Graduate Student Projects

Who We Are

The Spatial and Map Cognition Research Lab.

What We Do

We study map use, navigation, and spatial thinking primarily. We use multiple measurement tools, including traditional laboratory and in-field behavioral methods as well as fMRI and eye-tracking. 

Where We Do It

SMCRL is a part of the Department of Geography at the University of Oregon - Eugene.

Megan Lawrence::Neurological Studies in Tactile Map Use and Training by Persons who are Blind or Visually Impaired

Currently I am working on my dissertation project that focuses on the way in which the blind and visually impaired use tactile maps and how training influences this use both behaviorally and neurologically. The first stage of this research was completed with pilot funding from the Lewis Center for Neuroimaging (LCNI) during the summer of 2007 and involved fMRI scanning of 5 blind or visually impaired subjects and 5 normally sighted subjects for neurological data associated with the three following task. The first task is a mental map rotation task that tests a person's spatial visualization ability, the second task is a spatial-orientation task that evaluates a person's perspective-taking geographic spatial ability, and the last task is turn-choice map task and asks the subject to decide whether they must make a left or right turn at an intersection to reach a destination. The tasks have been chosen to better understand the relationship between allocentric spatial strategy use (tested by the mental map rotation task), egocentric spatial strategy use (as tested by the spatial orientation task) and real-world map reading exercises such as when you must make decisions about successful navigation. The turn-choice map task has been chosen because is hypothesized to have two possible ways of successfully completing the exercise. A person can imagine that the map graphic is rotating in space or one can imagine themselves changing perspective or rotating themselves ‘inside’ the map. One primary goal of this project is to: (1) look for neurological evidence that one strategy is dominant in the blind; (2) suggest that there is a dominant strategy for the sighted; (3) and provide evidence of the similarity and differences between them.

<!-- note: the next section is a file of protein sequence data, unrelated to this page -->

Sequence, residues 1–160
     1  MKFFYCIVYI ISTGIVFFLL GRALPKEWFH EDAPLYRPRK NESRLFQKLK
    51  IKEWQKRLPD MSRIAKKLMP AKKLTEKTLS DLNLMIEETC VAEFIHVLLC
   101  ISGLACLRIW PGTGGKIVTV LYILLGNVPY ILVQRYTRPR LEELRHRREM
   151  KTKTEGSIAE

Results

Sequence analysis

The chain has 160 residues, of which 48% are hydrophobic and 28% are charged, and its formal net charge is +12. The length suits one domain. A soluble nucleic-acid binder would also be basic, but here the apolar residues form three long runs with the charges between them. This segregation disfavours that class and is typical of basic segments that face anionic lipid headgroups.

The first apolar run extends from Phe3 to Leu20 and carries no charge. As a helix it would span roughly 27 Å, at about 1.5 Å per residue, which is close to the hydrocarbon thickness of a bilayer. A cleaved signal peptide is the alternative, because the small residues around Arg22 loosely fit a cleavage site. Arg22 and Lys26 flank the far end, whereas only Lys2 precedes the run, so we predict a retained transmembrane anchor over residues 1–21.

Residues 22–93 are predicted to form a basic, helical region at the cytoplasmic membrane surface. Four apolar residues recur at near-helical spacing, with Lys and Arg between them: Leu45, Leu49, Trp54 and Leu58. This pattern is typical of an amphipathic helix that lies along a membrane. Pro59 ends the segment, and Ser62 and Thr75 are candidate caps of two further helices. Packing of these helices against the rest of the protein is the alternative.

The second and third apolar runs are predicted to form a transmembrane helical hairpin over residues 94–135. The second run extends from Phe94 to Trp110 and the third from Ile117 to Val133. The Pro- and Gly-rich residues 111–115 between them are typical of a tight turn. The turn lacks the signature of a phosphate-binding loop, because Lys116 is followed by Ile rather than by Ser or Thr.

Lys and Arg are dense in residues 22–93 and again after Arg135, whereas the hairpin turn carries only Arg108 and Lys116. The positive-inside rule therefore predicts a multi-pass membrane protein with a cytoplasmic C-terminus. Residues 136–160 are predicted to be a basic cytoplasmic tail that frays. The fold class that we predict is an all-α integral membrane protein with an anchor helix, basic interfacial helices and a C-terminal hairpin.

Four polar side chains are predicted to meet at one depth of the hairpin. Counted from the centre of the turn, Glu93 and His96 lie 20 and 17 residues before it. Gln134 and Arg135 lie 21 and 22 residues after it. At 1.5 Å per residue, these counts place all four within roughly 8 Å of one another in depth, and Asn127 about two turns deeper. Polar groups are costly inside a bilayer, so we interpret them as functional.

Tactile Tasks Figure 1. Task 1-mental map rotation; Task 2- spatial-orientation; Task 3- turn-choice map task

It can be suggested that humans have the ability to choose spatial strategy use based on need and experience but what happens when our experience leads us to have limited options in choosing spatial strategies. Some scholars suggest that the blind and visually impaired primarily use an egocentric spatial strategies when faced with many types of spatial problems that may require alternate methods of spatial thinking. Through training it may be possible to teach persons with blindness to utilize different spatial abilities and strategies to more accurately and successfully solve multiple spatial problems. Success may lead to more confidence in spatial problem solving which that promotes independence (through mobility) and therefore a richer quality of life.

The next phase of this project will be to develop and evaluate a tactile map reading training protocol (that will be evaluated by faculty at the Oregon School for the Blind). A confidence evaluation questionnaire will be developed based on the SOD (sense of direction scale) and it will be given pre-training and post-training to evaluate how training has made an impact. Other in-field behavioral test will be given to judge how well training affected a person's ability to navigate in the environment. Finally, a post-training fMRI will be given to investigate if training has neurological consequences.

Research development has been presented at:

Lawrence, Megan. 2007. Tactile Map Use and Spatial Abilities: A Neurological Approach. Presented at The Association of American Geographers. San Francisco, California.

Megan Lawrence::The Neural Basis of Spatial Abilities and Map Reading

My masters thesis  looked at the neurological similarities and differences between traditional paper and pencil spatial abilities tasks and real-world map reading exercises. Some of our major findings include activation in the parahippocampal place area (PPA) for perception of cartographic representations but not for perception of geometric objects (see figure). Traditionally PPA activation is found for scene perception pictures, such as houses and parks. It is of particular interest that maps are perceived by the human brain as real places given that they are representation of places. Other significant findings will be published soon. This project was possible by funding through the Lewis Center for Neuroimagine (LCNI) on the University of Oregon campus.

PPA Activation
Figure 1: Activation in the PPA while subjects performed map tasks.

Final Results of this study have been presented at:

Lawrence, M. 2005. “Visualizing Map Comprehension and Spatial Abilities.” Presented at: The Association of American Geographers. Denver, Colorado Lawrence, M. 2007. “Remote Sensing of the Brain.” Presented at: The American Society of Photogrammetry and Remote Sensing. Vancouver, Washington.